To qualify as a Donor Choice organization, PVS had to meet certain criteria established by AUW. In addition to being an IRS authorized 501 (c) (3) not-for-profit organization, PVS had to demonstrate that our programs and services were in keeping with the mission of AUW. Our community building efforts and our programs for youth enabled PVS to meet this requirement.

All of us at PVS would like to thank you for your continued support. We rely on your contributions to fund our educational programs and to help us perpetuate the art of traditional Polynesian voyaging and the spirit of exploration.

Zippy’s Keiki Drawing Contest

Our primary corporate sponsor for PVS's involvement in the Navigating Cange program, which includes our Statewide Sail, has been Zippy's Restaurants. Zippy's has teamed up with PVS because both organizations share a common vision - healthy people and a healthy environment. Their efforts to raise awareness of our environmental issues go beyond their support of the Navigating Change program. Zippy's has used their keiki menus as a vehicle for environmental education and they recently held a drawing contest with an environmental theme.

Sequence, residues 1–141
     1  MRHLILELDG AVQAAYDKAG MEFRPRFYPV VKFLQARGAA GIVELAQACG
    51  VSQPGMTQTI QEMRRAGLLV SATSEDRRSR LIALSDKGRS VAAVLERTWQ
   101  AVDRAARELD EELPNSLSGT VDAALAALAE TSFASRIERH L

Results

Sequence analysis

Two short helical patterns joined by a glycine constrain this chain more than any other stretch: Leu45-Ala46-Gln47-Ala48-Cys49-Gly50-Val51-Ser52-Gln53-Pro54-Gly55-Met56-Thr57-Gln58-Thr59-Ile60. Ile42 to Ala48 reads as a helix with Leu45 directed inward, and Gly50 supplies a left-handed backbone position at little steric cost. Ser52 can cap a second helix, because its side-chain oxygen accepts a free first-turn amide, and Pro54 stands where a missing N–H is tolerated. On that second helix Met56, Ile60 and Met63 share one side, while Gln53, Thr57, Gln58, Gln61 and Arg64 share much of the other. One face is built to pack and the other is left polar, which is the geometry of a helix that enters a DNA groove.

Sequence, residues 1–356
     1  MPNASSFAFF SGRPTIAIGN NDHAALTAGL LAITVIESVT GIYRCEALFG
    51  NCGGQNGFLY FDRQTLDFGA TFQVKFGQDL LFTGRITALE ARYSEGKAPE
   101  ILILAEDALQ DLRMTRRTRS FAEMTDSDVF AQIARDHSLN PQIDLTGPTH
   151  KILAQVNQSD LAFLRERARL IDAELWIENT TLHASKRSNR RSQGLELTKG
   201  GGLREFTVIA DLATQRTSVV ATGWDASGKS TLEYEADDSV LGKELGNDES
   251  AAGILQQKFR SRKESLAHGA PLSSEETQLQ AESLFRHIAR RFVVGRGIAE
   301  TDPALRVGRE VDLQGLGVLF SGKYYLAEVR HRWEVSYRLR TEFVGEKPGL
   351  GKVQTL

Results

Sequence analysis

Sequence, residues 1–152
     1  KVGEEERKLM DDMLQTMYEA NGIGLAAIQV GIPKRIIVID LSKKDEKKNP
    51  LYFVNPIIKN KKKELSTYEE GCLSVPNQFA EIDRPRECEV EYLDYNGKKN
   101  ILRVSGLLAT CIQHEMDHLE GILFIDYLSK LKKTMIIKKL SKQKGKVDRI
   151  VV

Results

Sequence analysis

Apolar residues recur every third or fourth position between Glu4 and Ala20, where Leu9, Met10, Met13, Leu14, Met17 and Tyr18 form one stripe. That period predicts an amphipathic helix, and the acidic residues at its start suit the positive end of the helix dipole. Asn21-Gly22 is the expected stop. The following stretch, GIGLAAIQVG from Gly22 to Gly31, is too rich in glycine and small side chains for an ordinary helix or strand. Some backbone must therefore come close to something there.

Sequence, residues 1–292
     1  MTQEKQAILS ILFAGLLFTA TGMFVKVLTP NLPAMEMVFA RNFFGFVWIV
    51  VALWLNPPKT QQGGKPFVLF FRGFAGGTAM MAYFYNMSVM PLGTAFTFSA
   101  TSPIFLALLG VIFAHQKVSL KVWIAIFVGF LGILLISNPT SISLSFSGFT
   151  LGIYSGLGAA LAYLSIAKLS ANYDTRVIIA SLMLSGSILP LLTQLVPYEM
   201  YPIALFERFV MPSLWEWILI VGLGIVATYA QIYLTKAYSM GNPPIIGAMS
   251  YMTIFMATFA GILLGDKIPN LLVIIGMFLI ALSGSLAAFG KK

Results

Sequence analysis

The contest winners were promised a sail on Hokule‘a, courtesy of PVS. Out of the many drawings that were submitted, the contest judges (Nainoa Thompson, Brickwood Galuteria, and Paula Akana) selected the following individuals as the winners: Matthew Byers, Mary Chong, Kara Doles, Chaz Inouye, Lauren Shitanishi, Alana Siaris, Marc Viernes and Darcy Yogi.